Update: “I’ll pay them a million dollars if they can do it.”

We reported five years ago on a contract-law hypothetical come to life: a criminal defense lawyer went on TV and said he’d give a million dollars if anyone could prove the prosecutor’s timeline was consistent with the known facts, whereupon an enterprising law student proceeded to do just that. The Eleventh Circuit said the proper test under Florida law was whether “a reasonable, objective person would have understood [the lawyer’s words] to be an invitation to contract.” And: “The exaggerated amount of ‘a million dollars’ – the common choice of movie villains and schoolyard wagerers alike — indicates that this was hyperbole.” And yet more: “we find it neither prudent nor permissible to impose contractual liability for offhand remarks or grandstanding.” [Ann Althouse, Lawrence Cunningham]

“Did California just make it illegal for businesses to stop dealing with customers who insult them?”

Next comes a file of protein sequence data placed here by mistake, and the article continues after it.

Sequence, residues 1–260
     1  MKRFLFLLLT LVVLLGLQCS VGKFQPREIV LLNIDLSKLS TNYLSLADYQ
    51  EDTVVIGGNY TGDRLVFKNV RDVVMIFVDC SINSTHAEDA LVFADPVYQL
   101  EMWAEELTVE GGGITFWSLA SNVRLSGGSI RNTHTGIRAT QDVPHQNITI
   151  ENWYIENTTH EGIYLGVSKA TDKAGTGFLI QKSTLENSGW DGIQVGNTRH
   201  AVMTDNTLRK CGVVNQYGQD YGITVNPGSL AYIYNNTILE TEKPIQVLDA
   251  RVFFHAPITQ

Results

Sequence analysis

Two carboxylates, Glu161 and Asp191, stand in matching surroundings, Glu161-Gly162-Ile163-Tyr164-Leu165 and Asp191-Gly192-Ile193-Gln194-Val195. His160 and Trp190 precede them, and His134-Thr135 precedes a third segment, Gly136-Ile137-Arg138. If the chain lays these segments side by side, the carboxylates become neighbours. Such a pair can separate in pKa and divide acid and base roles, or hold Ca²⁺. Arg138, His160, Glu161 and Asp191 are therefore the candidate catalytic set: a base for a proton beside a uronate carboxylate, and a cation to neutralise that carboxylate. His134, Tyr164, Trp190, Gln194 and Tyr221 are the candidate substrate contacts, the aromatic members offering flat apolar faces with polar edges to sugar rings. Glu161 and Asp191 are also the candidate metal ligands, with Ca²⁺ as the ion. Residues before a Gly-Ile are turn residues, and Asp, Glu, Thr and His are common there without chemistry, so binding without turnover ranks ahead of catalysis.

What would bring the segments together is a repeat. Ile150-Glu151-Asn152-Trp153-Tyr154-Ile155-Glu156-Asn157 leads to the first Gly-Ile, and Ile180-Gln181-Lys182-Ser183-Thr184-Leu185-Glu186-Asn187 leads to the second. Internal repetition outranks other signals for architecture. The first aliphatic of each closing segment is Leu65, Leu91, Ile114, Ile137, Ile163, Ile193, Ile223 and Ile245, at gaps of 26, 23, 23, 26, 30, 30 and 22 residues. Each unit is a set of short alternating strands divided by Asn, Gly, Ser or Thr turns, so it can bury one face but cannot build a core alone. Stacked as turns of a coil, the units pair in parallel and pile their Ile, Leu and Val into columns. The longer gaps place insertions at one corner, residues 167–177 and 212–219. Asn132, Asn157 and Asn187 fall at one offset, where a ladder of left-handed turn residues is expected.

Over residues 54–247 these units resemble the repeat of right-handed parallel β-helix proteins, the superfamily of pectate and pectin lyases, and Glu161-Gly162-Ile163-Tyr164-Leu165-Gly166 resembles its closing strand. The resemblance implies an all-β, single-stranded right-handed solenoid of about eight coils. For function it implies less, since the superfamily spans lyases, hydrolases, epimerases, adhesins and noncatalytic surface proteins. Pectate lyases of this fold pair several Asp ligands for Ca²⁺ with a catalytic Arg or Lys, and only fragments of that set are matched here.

An outcry has lately arisen over consumer contracts that purport to ban disparagement of the company that proffered the contract or its products, especially since a few such companies, seeking to silence customers vocally dissatisfied with products or services, have proceeded to sue them, threaten them with suit, or report them as credit risks. Although it is doubtful that existing law in fact permits practices of this sort, California proceeded to pass a new law protecting consumers from retaliation by companies they criticize — a law that appears to go much farther than just banning the practices that stirred the furor. [Volokh] Contra: Scott Michelman, CL&P.

Labor and employment roundup

  • “Telling Employee He Is ‘Eligible’ For Bonus Not Enough to Create Contractual Obligation” [Chris Parkin/Daniel Schwartz; Connecticut appeals court]
  • Richard Epstein on Obama’s anti-LGBT-discrimination edict for federal contractors [Hoover “Defining Ideas”]